The digital transformation of the automotive industry is a huge priority, but our research of 500 automotive executives found that they have yet to solve digitization in the industry.
It is an exhilarating time to be in the automobile business, but it also is a time of ambiguity and uncertainty. That’s why CES feels much more like the future of the industry. Does that mean the Detroit Auto Show has outlived its usefulness?
It should not be controversial to say that all organizations must be capable of some degree of innovation.
The auto industry, like so many others, is in the midst of both turbulent upheaval and awe-inspiring innovation. The promise of driving in the very-near future is filled with the excitement of affordable high-performance electric vehicles
Digital innovators from the Silicon Valley are noisily shaking up the automotive world. This has led some to wonder: Could outside players seize control of the automotive industry? Not likely. Traditional automotive companies have plenty of what it takes – digital abilities as well as deep engineering expertise. But make no mistake, we’re dealing with a two-speed marketplace.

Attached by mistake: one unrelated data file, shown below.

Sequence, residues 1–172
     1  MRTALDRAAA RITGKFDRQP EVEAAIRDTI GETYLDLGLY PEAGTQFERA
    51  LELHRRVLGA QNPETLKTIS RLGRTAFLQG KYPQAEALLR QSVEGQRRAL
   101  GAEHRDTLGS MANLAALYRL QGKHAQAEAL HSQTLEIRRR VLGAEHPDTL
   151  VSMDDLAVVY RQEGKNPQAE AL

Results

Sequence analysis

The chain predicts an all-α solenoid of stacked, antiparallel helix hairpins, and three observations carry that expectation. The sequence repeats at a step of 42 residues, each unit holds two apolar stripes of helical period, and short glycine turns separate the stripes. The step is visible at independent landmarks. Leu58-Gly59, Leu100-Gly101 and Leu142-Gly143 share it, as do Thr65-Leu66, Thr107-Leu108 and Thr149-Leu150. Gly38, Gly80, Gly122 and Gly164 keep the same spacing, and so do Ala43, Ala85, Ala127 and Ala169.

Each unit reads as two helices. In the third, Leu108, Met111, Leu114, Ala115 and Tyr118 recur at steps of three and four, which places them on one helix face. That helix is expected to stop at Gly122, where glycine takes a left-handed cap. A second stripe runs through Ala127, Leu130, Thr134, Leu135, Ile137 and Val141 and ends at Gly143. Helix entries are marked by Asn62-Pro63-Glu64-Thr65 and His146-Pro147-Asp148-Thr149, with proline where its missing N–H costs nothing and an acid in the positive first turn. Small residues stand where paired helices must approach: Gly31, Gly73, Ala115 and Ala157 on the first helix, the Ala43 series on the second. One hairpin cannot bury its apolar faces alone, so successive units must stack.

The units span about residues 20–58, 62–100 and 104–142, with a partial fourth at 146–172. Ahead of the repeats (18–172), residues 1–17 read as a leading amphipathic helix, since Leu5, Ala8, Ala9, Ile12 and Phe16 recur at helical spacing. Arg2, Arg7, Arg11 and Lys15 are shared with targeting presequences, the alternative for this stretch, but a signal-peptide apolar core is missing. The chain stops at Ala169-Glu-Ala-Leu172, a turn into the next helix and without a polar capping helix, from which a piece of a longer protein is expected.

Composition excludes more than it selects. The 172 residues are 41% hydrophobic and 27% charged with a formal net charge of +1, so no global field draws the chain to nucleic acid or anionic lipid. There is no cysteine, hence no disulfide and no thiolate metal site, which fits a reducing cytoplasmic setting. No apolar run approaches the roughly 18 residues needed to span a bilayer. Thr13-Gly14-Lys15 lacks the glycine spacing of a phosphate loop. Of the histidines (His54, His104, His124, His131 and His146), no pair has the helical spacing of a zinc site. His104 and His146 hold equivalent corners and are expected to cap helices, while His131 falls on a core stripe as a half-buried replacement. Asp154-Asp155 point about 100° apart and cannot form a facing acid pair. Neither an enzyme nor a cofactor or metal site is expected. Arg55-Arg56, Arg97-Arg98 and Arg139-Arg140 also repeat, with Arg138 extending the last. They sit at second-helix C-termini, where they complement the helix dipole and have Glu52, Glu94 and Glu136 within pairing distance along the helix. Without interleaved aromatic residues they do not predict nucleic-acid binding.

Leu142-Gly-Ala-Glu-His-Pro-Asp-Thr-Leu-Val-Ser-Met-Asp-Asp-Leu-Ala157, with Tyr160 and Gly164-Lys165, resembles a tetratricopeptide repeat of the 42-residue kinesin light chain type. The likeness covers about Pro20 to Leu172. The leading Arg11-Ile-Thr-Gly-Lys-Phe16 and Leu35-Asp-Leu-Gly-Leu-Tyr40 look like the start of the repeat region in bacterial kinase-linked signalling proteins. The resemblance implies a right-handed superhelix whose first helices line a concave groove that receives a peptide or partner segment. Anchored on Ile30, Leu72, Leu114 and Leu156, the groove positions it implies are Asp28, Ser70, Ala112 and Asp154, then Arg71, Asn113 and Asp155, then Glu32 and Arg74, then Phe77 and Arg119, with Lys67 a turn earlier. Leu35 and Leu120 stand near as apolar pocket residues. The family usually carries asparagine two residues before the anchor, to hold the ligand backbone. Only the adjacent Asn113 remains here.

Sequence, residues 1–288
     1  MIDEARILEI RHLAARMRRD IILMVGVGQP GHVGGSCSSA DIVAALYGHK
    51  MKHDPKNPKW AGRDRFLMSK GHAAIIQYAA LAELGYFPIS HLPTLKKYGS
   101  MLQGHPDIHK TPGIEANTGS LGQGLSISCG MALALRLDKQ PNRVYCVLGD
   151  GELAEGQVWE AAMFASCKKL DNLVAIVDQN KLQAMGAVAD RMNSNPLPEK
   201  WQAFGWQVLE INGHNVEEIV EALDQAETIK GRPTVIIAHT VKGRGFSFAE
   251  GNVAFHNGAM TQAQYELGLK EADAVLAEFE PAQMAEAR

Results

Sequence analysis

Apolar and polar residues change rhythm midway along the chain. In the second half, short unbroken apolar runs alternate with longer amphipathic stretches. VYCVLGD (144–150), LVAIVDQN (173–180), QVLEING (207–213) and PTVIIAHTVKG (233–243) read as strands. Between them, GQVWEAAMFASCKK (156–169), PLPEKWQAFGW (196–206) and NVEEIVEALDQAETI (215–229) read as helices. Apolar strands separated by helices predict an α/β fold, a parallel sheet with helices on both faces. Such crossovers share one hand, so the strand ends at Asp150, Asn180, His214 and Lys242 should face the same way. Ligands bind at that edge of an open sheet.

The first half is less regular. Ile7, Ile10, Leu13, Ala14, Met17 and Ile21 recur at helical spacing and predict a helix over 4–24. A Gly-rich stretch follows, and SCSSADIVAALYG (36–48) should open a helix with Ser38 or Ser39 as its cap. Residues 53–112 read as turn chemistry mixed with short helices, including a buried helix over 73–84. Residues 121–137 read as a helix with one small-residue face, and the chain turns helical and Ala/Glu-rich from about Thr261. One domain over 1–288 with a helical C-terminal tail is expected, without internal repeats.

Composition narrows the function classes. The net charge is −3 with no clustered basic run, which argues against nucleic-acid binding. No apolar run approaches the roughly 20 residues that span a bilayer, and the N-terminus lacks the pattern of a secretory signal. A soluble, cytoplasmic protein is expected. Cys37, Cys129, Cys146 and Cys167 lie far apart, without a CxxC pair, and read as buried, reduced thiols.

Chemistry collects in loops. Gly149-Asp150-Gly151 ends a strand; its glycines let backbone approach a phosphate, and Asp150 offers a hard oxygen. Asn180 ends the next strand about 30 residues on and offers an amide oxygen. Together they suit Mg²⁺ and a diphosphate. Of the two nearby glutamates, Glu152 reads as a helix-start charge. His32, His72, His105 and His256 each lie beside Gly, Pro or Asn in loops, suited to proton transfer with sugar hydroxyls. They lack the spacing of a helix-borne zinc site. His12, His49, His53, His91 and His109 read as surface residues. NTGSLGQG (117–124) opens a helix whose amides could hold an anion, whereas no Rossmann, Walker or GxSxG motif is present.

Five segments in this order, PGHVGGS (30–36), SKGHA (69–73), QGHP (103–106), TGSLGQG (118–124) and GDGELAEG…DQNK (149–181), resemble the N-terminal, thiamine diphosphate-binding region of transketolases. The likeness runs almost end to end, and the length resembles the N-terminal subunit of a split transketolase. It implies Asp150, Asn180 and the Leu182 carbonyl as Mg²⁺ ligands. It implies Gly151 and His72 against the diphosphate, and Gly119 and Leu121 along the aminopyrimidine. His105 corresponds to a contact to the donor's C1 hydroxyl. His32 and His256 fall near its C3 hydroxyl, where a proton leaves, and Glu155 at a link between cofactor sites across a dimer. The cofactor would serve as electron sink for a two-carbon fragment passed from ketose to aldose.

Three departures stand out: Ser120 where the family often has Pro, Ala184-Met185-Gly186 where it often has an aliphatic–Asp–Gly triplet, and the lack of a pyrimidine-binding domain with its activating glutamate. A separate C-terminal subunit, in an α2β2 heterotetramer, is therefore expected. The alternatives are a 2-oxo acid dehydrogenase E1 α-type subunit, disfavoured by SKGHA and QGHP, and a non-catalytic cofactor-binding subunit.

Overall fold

Automotive OEMs must work in fundamentally new and different ways to deliver the Connected Car that consumers so clearly desire. The shift begins with objectively assessing and developing leaders’ potential to drive deep strategic change and build more open cultures that effectively integrate diverse expertise.